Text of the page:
And I know this to be true because I have nurse friends, and because I’ve worked in environments in hospitals where I’ve seen nurses ‘round the clock for two days straight being treated really awfully. I’ve seen nurses who have so much hands-on experience with women in labor be absolutely dismissed as soon as an OB walks in. An OB who hasn’t been there, who has no understanding potentially of what the client actually wants in that moment, what their value systems are or what’s been working for them personally or not. These nurses are just kind of pushed to the side because the OB has more experience, more knowledge, obviously a higher degree and level of education. But ultimately what it actually comes down to is that the authority lays in the obstetrician and not the nurse. If I’m really calling a spade a spade, that’s what it is. It’s authority and the power idea, and I found that to be the most problematic aspect of going back to school to become a nurse right out of the gate.

I found that the classes I was taking, all my prerequisites for nursing school, were great in theory. On paper I understood why I needed to take them, yet, there was one set of curricula that I needed to follow and there was no other path. There was no room for wiggle or for questioning, and that’s true within the classes and also within just the plan in general, or the path to the nursing degree in general. There’s no room. There’s no room for movement and there’s no room for questions. Even in my first microbiology class- obviously there’s a lab and there’s a theory class and they’re two really separate things. And the first problem I had personally was that I really did not understand – nobody ever said it – that they were two separate classes. It made no sense to me because a lot of the things that we were learning in our theory class in our lecture hall, could absolutely be applied to our lab class and vice versa but we weren’t at that point, we weren’t at that stage in each of the separate classes, so sometimes I would remember something in a more practical way than in a logistical “this is what the textbook says” at this stage, or “this chapter that we happen to be reading right now in the lecture class”. So, I’d go to my lecture class and we’d have a quiz and I’d be like, “Oh this is specifically what we discussed in lab class, so this is going to be my response,” and instead they want exactly the response that the textbook says because that’s what the textbook says. And that in itself triggered something in me that made me immediately start questioning is this actually the right path for me?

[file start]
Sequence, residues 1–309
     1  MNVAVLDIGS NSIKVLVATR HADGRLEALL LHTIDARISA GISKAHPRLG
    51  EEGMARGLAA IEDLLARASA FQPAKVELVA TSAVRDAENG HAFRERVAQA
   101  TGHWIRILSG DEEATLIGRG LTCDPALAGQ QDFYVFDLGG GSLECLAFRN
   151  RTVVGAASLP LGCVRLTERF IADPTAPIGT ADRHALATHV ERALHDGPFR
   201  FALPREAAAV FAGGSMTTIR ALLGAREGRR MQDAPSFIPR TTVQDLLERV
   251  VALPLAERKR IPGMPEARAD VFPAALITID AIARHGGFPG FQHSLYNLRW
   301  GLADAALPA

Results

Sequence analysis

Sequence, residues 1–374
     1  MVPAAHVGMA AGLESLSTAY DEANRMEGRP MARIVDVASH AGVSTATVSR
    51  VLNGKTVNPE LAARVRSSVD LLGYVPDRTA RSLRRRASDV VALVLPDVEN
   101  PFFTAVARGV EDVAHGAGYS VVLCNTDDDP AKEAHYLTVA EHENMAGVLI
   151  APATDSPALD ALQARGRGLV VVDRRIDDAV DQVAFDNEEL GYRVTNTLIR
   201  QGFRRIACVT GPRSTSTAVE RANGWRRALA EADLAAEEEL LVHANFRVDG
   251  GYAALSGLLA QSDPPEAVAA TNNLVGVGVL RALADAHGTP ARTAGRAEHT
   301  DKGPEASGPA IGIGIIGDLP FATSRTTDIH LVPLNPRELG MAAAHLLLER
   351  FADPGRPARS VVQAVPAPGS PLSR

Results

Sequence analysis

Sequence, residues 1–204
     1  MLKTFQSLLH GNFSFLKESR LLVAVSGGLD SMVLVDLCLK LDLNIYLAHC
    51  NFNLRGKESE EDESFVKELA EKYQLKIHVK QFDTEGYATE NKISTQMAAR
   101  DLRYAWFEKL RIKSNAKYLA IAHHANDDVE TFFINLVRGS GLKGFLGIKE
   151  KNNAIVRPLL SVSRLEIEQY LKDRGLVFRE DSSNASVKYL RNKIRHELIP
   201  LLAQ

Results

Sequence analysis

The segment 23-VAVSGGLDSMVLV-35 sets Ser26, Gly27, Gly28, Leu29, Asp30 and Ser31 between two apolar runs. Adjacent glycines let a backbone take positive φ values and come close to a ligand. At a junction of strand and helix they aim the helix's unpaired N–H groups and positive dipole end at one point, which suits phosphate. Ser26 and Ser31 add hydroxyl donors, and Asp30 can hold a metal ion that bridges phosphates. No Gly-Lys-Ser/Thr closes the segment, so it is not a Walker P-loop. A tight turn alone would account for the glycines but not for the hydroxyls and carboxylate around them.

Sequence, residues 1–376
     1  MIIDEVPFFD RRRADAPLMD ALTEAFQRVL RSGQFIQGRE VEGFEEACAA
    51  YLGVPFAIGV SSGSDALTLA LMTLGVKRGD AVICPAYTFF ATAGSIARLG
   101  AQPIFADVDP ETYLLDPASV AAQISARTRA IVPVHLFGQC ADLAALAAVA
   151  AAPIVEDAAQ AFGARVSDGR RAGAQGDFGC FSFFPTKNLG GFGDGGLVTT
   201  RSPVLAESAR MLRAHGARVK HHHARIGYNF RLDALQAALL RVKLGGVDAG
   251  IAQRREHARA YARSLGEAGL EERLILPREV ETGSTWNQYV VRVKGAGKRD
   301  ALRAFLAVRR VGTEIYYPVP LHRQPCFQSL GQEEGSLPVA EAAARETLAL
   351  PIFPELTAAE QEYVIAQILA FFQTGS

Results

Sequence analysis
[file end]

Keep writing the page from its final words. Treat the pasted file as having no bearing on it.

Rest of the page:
Does this make sense for my brain, for my life, and for the practice that I want to have long term? Am I someone who can go through years of education with the understanding that the answers I provide on tests, quizzes and papers are expected to be one thing and one thing only? And how will it be handled if my answers deviate at all, or if I have questions, if I have concerns about what I’m learning? If I have different knowledge, if my experience says this thing is not as black and white as it feels or is being taught, based on my own experience, my real life in the workforce, working with people, working with their bodies, understanding birth, reading research that’s coming out right now- not ten years ago, which my textbooks apparently all were based off of… If none of that can be taken into consideration now, in prerequisite classes, how would it be for me in nursing school and in clinical rotations, and how would it be with actually working alongside OBs? And really what I mean is under obstetricians. I know that there are OBs out there who are freaking awesome because I have met them. And I know that there are nurse midwives in the hospitals that I’ve worked with who are amazing… just like I’ve worked with amazing nurses who are phenomenal at their job even though they’ve probably been torn down a million different times, a million different ways because they had questions – just because they dared to question something, they had some other knowledge, or some other experience they wanted to pull in the entire conversation